KAMPALA —The Kampala City Resident Commissioner (RCC) Hussein Hud while addressing the press on Thursday, December 23 at the Uganda Media Center in Kampala, announced that street vendors have until January 10, 2022, to vacate the streets and take up available space in markets.
Hud noted that vending and hawking is illegal because it congests the city and robs the government of revenue since street vendors and hawkers do not pay licenses to operate.
Kampala Capital City Authority (KCCA) official Hud said if vendors want to sell merchandise in Kampala, they should get working space in arcades, shops, and city markets where they shall be licensed to operate their business. He noted that the government has provided space in markets including Usafi and Wandegeya for the same purpose.
Most of the vendors in the city trade in small household items including clothes, kitchenware, pastries, beverages, shoes, fruits, vegetables, among others.
With the current security threats of terrorism, Hud said the existence of street vendors and hawkers possess a security threat to the city as terrorists could disguise themselves as vendors to cause harm to people, adding that criminals engaging in petty offenses like snatching bags and phones from people on the streets could also disguise as street vendors or hawkers.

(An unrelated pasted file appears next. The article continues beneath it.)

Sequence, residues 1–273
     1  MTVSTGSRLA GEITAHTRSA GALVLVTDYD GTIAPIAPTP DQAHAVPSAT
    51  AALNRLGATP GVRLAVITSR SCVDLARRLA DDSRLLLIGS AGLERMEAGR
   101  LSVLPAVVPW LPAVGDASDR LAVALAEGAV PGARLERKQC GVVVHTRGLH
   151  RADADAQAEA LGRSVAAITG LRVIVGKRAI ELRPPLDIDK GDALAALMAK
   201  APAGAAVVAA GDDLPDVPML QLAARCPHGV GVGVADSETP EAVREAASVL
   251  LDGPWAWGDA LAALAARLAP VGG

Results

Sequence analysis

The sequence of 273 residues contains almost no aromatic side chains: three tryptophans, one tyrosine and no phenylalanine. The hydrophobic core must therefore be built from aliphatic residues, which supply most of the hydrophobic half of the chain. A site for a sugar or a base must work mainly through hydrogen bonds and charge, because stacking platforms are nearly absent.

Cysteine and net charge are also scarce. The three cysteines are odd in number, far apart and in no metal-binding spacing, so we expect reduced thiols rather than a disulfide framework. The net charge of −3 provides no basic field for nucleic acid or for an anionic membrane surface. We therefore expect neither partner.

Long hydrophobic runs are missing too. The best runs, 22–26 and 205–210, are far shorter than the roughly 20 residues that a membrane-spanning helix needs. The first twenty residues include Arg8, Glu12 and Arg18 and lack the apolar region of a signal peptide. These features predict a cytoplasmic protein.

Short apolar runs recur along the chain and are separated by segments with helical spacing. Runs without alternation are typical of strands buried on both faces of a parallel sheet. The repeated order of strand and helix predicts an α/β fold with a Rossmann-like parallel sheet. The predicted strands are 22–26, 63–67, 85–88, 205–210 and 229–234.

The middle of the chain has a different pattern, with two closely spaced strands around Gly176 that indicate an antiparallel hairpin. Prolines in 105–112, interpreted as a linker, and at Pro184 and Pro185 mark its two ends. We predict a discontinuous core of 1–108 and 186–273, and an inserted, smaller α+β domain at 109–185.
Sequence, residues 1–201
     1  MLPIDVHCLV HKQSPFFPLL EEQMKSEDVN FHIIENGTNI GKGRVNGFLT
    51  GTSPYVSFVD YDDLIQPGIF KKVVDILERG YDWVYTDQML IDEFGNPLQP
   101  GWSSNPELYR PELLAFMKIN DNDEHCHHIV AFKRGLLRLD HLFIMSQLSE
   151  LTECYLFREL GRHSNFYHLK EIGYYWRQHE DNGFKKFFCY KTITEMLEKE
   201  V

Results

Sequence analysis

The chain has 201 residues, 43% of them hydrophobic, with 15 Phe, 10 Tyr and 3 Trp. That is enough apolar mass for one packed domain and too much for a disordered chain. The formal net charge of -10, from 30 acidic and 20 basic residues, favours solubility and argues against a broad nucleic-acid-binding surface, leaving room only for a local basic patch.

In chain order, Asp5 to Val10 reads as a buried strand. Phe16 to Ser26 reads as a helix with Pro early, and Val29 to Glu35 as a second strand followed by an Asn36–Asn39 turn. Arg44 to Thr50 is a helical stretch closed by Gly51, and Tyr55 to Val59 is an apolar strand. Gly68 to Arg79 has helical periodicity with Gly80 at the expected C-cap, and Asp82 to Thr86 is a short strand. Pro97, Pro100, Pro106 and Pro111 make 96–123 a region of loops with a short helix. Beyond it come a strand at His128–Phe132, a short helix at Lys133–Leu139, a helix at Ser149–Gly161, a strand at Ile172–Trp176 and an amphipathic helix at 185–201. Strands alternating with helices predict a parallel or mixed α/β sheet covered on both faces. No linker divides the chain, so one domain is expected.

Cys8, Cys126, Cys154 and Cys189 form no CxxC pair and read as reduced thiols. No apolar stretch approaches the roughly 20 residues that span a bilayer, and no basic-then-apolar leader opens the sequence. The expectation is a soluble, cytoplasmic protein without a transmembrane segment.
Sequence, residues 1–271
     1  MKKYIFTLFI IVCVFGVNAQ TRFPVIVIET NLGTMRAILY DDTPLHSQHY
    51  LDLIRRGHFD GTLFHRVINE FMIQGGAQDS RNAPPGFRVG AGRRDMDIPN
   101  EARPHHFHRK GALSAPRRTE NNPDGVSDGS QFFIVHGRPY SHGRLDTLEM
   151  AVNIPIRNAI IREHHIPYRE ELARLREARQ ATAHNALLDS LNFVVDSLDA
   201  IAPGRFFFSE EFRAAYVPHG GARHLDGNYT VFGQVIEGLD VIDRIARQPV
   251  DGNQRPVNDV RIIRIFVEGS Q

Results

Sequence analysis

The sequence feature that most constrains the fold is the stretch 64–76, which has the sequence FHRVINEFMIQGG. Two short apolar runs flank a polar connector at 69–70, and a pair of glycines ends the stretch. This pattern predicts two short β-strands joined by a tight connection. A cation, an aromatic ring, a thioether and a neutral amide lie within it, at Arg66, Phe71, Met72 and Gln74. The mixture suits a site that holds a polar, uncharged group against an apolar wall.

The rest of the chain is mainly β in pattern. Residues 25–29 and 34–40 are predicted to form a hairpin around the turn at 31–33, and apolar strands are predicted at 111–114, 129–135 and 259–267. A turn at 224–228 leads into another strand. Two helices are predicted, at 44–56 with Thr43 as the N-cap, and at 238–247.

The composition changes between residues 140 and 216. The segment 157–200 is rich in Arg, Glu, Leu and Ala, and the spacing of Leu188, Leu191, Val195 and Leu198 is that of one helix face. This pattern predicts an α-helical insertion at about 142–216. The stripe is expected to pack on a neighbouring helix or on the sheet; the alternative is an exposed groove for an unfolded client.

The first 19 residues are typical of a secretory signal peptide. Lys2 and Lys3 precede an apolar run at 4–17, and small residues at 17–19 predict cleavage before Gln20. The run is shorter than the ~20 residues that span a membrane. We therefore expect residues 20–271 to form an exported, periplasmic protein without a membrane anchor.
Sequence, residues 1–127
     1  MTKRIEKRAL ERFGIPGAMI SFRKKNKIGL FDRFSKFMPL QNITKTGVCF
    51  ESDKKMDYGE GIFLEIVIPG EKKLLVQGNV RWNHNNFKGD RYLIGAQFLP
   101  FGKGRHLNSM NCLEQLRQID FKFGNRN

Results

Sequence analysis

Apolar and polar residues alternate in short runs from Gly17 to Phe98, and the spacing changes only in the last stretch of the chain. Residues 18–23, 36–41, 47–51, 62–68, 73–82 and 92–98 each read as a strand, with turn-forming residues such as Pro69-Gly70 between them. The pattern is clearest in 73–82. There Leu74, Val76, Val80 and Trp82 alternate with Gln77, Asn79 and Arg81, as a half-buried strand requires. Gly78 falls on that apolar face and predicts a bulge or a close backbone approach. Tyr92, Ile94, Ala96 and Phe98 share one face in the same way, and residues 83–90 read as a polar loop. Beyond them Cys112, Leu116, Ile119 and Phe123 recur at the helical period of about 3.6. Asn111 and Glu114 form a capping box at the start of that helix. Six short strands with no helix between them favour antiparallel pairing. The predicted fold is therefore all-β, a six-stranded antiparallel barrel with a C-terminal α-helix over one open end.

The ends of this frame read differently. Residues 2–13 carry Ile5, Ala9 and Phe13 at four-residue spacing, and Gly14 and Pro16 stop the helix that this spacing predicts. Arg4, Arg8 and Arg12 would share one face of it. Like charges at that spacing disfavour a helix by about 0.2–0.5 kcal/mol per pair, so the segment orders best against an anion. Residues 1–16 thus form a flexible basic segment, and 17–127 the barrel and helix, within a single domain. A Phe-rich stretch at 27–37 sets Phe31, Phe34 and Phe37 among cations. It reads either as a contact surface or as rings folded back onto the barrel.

Over the years, KCCA has made several attempts to get vendors off the streets but in vain. In August this year, State Minister for Kampala Metropolitan Area Kabuye Kyofatogabye ordered all street vendors and hawkers to go and operate at USAFI Market but not on lanes roadsides and streets. “I want all vendors to go and operate in designated areas, not the streets where they are causing congestion,” the Minister told media. “We are taking initiatives to decongest the city and we all agreed with KCCA that vendors should go off the streets,” he added.
Those that persisted were arrested by the authorities and taken to City hall where they would be charged for disobedience, while others vowed not to leave the streets due to lack of capacity to afford rent expenses and taxes, and also the fact that they were afraid of losing their customers.
Despite Government efforts to get rid of street vendors by constructing new markets and renovating existing markets in various city suburbs, street vendors remain unmoved, and street vending continues to flourish on the streets of Kampala and other cities like Mbarara.